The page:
Saturday, April 13, 2013


            While the 4th Earl of Sandwich (1718-1792) is given questionable credit for giving it a name, the time-saving practice of placing random foods between two pieces of sun-baked flat-breads probably dates back at least 8000 years, to a time when previously wild-growing wheat plants first came under domestication in ancient Egypt. In one form or another, sandwiches have been with us for a long time.

            In September, 1930, the American cartoonist Chic Young introduced a comic strip character named “Blondie” (actually, Blondie Boopadoop to be completely accurate). Popular from the start, the comic strip really took off when, on February 17th, 1933, Blondie married her boyfriend, Dagwood Bumstead.  Dagwood quickly endeared himself to a captivated public eventually fed by 2000 newspapers, published in 35 languages in 47 countries; to say nothing of a twelve-year run on film and radio. His love affair with multi-level sandwiches became the lynchpin of a success story which continues to the present day.

            To prove that the idea was not the exclusive domain of comic strip editors, the late mystery writer Lawrence Sanders launched a series of detective “who-dunnits” under the “Deadly Sin” rubric in the 1970s, featuring New York City Chief of Detectives Edward X. Delaney. Speaking for many readers, I for one waited with great expectations for each new Sanders novel, not just because Delaney was a great literary protagonist, but because of the creative approach to sandwich-making which was his ongoing passion. A down-to-earth practical man, Delaney broke down his favorite activity into two carefully-crafted categories.  There were those sandwiches which could be eaten over a flattened-out newspaper, and those which should only be eaten while standing over the kitchen sink. Whether a “wet” model or a “dry” model, what could be counted on was the unending inventiveness involved in each culinary undertaking. As I recall, the artful gumshoe was especially partial to anchovies.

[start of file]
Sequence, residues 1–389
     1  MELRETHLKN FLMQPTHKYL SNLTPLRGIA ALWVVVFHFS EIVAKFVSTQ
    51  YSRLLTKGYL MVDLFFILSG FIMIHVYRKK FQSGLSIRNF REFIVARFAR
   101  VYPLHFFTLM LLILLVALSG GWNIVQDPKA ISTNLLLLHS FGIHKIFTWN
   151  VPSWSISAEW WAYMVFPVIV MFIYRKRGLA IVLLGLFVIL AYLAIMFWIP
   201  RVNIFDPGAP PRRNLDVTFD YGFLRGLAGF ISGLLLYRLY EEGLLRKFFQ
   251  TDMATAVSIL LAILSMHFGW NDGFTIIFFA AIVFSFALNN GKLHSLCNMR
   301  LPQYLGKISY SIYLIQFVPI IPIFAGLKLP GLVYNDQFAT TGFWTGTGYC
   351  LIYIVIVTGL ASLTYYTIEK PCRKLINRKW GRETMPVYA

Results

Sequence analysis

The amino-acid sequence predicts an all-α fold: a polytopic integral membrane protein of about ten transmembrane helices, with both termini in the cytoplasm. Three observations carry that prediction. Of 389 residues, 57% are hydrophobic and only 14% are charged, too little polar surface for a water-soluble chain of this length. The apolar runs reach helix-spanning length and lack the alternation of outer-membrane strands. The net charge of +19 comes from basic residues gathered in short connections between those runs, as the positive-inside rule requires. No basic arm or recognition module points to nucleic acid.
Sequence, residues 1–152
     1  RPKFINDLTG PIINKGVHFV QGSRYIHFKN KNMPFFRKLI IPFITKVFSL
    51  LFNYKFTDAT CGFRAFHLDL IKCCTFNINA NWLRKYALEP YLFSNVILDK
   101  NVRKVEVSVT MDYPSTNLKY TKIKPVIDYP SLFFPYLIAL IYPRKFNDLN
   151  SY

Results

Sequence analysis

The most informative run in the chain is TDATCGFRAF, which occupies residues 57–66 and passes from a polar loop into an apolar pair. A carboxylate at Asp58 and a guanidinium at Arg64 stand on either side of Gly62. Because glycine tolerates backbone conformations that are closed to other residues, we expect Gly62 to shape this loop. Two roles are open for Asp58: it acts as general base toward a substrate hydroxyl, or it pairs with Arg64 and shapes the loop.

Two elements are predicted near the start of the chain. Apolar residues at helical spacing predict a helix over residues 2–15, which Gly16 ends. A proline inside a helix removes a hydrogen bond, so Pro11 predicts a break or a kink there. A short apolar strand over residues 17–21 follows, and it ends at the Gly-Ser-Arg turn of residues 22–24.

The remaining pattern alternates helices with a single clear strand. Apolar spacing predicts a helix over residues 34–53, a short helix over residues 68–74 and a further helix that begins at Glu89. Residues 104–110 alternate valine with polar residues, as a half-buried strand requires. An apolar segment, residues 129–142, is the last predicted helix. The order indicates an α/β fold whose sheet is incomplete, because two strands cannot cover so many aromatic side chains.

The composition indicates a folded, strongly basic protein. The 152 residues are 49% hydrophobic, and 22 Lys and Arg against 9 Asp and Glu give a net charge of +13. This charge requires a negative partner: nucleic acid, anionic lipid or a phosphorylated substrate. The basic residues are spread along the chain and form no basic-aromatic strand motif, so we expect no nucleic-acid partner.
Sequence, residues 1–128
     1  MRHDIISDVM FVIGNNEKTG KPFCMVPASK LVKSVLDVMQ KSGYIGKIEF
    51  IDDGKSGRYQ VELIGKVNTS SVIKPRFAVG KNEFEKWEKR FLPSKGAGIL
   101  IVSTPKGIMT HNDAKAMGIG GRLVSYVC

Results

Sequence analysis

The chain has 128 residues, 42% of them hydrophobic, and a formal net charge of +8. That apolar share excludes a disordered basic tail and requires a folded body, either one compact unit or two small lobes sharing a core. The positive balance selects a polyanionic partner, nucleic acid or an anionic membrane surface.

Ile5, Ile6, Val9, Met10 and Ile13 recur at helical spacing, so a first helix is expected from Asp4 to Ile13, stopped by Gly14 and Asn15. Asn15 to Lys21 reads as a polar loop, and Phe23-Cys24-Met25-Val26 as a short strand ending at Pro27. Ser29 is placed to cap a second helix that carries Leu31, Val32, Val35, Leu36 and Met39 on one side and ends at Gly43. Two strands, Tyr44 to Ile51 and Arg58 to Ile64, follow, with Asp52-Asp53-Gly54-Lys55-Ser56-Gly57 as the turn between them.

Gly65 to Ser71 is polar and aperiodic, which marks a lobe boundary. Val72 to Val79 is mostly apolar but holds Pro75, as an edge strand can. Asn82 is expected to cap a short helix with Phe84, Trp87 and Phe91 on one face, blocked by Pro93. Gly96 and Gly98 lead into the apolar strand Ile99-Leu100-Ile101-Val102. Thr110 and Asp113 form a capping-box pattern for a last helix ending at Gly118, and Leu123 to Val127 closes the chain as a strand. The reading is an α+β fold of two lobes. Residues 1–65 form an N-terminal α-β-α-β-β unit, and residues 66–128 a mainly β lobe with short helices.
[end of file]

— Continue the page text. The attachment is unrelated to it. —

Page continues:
Because I, along with other family members enjoy bread-making, and since bread is at the very heart of any sandwich, it should come as no surprise that I glory in following a tradition honored by such heroes as Dagwood and Chief Delaney.

 Built on a foundation of hummus and clamped between pieces of whole wheat bread, this vegetarian special features lettuce, red onion and tomato slices, carrot shreds and clover spouts, shingled over with garden-fresh cucumber.

Reuben’s Delicatessen in New York City is credited back in 1914 with giving us a sandwich which, with variations, is still with us today.  This one has the traditional pastrami, Swiss cheese, sauerkraut and thousand island dressing, to which slices of avocado add a special touch, all encased between slices of home-made pumpernickel rye bread.

Taking a note from Dagwood Bumpstead, this multi-level “skyscraper” is made up of advancing stories of honey-smoked salmon, lettuce, cheese, prosciutto, onion, liverwurst, pastrami, bacon and green olives, coated gently with touches of mayo and home-made corn relish. The chosen bread is Italian ciabatta. 

All photos by Cooper Family

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